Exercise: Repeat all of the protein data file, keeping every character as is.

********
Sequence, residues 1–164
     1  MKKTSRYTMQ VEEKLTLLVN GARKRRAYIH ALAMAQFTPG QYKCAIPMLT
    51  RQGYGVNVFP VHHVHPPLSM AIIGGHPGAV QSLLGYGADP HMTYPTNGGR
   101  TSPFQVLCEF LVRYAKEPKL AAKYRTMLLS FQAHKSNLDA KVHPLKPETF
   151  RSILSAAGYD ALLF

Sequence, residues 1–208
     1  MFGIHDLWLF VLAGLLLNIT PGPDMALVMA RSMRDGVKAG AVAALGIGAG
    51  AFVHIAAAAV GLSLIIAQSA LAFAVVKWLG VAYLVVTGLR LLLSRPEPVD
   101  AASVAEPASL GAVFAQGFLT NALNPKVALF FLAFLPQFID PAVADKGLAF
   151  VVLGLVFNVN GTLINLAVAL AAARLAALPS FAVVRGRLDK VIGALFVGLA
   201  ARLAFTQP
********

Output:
Sequence, residues 1–164
     1  MKKTSRYTMQ VEEKLTLLVN GARKRRAYIH ALAMAQFTPG QYKCAIPMLT
    51  RQGYGVNVFP VHHVHPPLSM AIIGGHPGAV QSLLGYGADP HMTYPTNGGR
   101  TSPFQVLCEF LVRYAKEPKL AAKYRTMLLS FQAHKSNLDA KVHPLKPETF
   151  RSILSAAGYD ALLF

Sequence, residues 1–208
     1  MFGIHDLWLF VLAGLLLNIT PGPDMALVMA RSMRDGVKAG AVAALGIGAG
    51  AFVHIAAAAV GLSLIIAQSA LAFAVVKWLG VAYLVVTGLR LLLSRPEPVD
   101  AASVAEPASL GAVFAQGFLT NALNPKVALF FLAFLPQFID PAVADKGLAF
   151  VVLGLVFNVN GTLINLAVAL AAARLAALPS FAVVRGRLDK VIGALFVGLA
   201  ARLAFTQP